On top of this, the hot weather which caused concern by making many flock to crowded beaches and parks doesn’t seem to be having the predicted negative impact. Overall, we are pleasantly surprised by the figures this week which are back down to the early July levels and hope that the good news continues.”

Tories accused of quietly watering down law on farm antibiotics after Brexit

Tory ministers have been accused of quietly watering down farming laws after Brexit in a move that could make it easier to get a US trade deal.

Friends of the Earth raised the alarm over a change to how limits on antibiotics in farm animals will work after the transition period ends in December.

The EU sets ‘Maximum Residue Limits’, which control how much of a medicine, pesticide or other product is allowed to be present in an animal’s carcass.

Currently these EU limits are written into UK law.

But a little-noticed Brexit law, passed last year, said that in future the UK will set these limits behind closed doors – not in the letter of the law.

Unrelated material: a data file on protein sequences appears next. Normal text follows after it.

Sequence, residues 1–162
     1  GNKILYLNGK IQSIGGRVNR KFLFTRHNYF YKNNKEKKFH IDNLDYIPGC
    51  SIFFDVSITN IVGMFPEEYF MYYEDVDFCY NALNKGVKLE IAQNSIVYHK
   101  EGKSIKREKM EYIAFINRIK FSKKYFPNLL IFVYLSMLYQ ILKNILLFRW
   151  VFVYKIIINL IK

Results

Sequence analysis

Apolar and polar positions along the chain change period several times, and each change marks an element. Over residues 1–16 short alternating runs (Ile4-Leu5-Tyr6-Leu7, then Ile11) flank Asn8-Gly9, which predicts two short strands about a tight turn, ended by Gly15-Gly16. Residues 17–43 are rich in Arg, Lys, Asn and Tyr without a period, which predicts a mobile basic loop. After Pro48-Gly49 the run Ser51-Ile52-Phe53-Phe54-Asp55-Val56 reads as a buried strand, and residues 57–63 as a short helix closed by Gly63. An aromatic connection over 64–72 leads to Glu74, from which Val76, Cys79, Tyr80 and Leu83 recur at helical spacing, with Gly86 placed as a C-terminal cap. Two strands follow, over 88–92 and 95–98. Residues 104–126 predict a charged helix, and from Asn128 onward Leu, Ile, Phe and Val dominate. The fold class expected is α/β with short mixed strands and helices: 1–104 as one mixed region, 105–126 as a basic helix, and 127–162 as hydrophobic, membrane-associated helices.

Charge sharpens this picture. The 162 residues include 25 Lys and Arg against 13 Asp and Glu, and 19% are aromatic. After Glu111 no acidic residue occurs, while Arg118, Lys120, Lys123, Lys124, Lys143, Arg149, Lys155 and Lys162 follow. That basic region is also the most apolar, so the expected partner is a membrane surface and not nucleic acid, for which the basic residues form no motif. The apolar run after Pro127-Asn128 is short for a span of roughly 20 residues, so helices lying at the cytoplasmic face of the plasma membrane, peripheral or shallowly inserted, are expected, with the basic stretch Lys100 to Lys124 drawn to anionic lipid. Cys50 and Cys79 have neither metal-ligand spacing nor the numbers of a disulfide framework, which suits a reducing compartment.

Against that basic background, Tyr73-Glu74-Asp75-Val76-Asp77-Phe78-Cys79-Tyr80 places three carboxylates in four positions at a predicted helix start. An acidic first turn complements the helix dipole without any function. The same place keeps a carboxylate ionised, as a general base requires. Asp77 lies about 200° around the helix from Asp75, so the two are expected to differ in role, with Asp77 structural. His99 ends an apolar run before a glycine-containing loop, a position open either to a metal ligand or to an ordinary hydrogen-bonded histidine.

While the UK government has pledged it will keep all existing EU MRLs, it’s understood in future the UK will “set appropriate MRLs” of its own choosing.

Friends of the Earth warned the change could give “a blank slate to set new, weaker standards and water down our environmental protections”.

The current list includes an antibiotic called monensin, used in cows in the US but limited to 10 microgrammes per kilogram in beef fat here.

The Department for Environment, Food and Rural Affairs (Defra) insisted the limit on it will remain.

But Kierra Box of Friends of the Earth said: “Ministers keep saying that the UK standards we have now will remain, but this shows that promise just doesn’t wash.

“In fact, government have already deleted swathes of rules and restrictions, and are slipping through plans to set these ‘administratively’ in the future, which we know really means ‘behind closed doors’.

“Nobody who is across the detail of these plans has any faith that environmental standards are not at risk of being further weakened during trade negotiations with the US, Australia and wherever else we need to go, cap in hand.

“The simple fact is you can’t weaken protections that are already gone.”